The end-user is key to enterprise content management success
By Greg Lock, ECM solutions architect at Itec.
The end-user must be one of the key considerations when selecting an enterprise content management solution in order for it to work effectively. This, according to Greg Lock, ECM solutions architect at Itec, will result in a user-friendly solution that can be deployed quickly and is used to its full capability. "Developers will develop software that they think is easy to use, but the true test lies in ensuring that your end-user, who is often not as well versed with the software, is able to understand and use the software effectively."
He believes one of the biggest shifts in the market is that the technology has become a lot more user-friendly. "In the past, enterprise content management (ECM) solutions were limited in their ability to balance end-user needs and business processes, which means it was complex and not necessarily well-structured." In today's ECM market, solutions are being designed with the business, its workflows and processes, as well as the end-user in mind, making it a lot simpler to use and a lot more effective. "The technology is also becoming a lot more accurate, for example, optical character recognition, or OCR, which allows for the conversion of scanned images into machine-encoded text and improves search functionality dramatically."
According to Lock, the way in which organisations manage their content has changed dramatically over the past couple of years. Gone are the days of straight-forward archiving, where documents were scanned or imported into a storage location to be retrieved at a later stage. "With the evolution of enterprise content management solutions and the improvement of technologies such as optical character recognition, there is a lot more user functionality available than ever before," he says. "This includes enhanced searching capabilities, security, configuration, confidentiality processes to lock down information that should not be broadly available, and automatic workflows to simplify the way in which documents and business processes are managed."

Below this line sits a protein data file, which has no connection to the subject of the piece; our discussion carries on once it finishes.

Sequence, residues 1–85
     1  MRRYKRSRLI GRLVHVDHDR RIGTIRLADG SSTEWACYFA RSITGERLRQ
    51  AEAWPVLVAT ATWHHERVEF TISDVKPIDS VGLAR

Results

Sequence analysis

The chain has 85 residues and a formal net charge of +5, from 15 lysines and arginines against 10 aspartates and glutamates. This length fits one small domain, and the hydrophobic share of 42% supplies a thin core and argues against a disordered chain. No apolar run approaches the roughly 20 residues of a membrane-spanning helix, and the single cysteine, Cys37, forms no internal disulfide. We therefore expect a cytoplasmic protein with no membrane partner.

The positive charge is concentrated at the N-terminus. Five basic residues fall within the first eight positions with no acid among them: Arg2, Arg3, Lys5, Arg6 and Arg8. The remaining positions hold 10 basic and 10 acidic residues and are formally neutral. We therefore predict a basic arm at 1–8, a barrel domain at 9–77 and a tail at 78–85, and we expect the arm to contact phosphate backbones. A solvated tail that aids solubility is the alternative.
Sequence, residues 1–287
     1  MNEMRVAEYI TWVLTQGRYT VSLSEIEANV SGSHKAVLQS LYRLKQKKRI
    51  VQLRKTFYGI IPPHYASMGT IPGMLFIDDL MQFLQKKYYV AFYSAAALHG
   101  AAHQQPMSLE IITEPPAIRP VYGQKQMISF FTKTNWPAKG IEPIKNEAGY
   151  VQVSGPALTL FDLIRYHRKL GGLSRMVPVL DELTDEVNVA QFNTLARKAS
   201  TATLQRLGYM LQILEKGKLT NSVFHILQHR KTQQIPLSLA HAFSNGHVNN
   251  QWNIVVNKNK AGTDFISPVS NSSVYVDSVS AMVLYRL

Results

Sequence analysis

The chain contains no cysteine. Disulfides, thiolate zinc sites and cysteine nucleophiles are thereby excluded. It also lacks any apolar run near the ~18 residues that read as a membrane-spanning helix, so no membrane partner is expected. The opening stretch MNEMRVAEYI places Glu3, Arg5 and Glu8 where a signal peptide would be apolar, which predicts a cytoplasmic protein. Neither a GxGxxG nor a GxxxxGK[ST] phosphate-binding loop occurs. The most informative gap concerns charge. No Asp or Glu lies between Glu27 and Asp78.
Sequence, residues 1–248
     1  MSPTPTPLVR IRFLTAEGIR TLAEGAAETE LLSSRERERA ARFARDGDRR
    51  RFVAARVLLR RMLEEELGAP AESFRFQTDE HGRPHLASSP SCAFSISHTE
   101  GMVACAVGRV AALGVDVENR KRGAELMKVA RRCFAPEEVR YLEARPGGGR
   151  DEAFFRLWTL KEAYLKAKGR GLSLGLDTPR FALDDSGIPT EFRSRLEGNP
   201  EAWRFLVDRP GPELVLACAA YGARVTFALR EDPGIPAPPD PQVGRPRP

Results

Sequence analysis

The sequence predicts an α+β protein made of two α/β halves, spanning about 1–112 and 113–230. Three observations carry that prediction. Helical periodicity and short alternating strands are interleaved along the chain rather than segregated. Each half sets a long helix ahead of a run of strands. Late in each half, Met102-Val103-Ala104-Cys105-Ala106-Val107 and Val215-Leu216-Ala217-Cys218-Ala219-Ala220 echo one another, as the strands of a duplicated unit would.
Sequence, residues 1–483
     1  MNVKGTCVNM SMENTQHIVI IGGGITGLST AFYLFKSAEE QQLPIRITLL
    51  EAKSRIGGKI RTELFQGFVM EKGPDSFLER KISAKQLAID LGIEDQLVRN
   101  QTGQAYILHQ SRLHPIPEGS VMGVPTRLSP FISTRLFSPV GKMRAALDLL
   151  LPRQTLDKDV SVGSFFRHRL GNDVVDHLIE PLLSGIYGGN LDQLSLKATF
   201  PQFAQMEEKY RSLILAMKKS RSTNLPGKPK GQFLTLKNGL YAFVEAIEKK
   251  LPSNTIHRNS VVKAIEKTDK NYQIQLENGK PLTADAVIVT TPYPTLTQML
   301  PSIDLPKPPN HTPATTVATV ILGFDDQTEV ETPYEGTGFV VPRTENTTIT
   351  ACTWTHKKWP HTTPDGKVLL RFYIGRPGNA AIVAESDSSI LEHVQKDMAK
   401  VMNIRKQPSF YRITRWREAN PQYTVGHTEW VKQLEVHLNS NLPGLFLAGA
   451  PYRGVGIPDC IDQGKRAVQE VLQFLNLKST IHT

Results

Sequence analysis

Mobility is another trend that is impacting the ECM market. "We are seeing an increasing need for clients to access their documents remotely through mobile devices," says Lock. "Regardless of the size of the client, ensuring mobility is built into the ECM solution is becoming absolutely critical nowadays."
The stability of the system is critical and service providers must work with clients to ensure there are adequate backups and recovery methodologies in place to restore data should there be any downtime. He adds that the solution provider must get involved from the infrastructure level through to the end-solution to ensure continuity and system uptime. "Customisation and configuration requirements must be taken into account - each customer has their own unique needs and the responsibility lies with the solutions provider to ensure their software meets those needs." He believes post-installation support is also critical, as this allows for the system to continuously be improved and also ensures the system delivers in the long term.
"Another key consideration is the accuracy on the detection of document information," says Lock. "Some solutions claim to have a 95% accuracy, but they don't state upfront what happens with the remaining 5%. This is a major problem, as you run the risk of losing this information." Lock adds that it would be prudent for clients to ensure that their ECM solution of choice has the necessary processes in place to ensure that this information is retrievable.
Lock says the way in which ECM solutions are deployed is changing, making it a lot more affordable for mid-market companies. Through Itec's modular approach, they are able to supply clients with only those modules they require, making it a lot more affordable. "This allows for smaller companies to implement an ECM solution that is affordable, powerful, yet doesn't compromise on quality," he adds.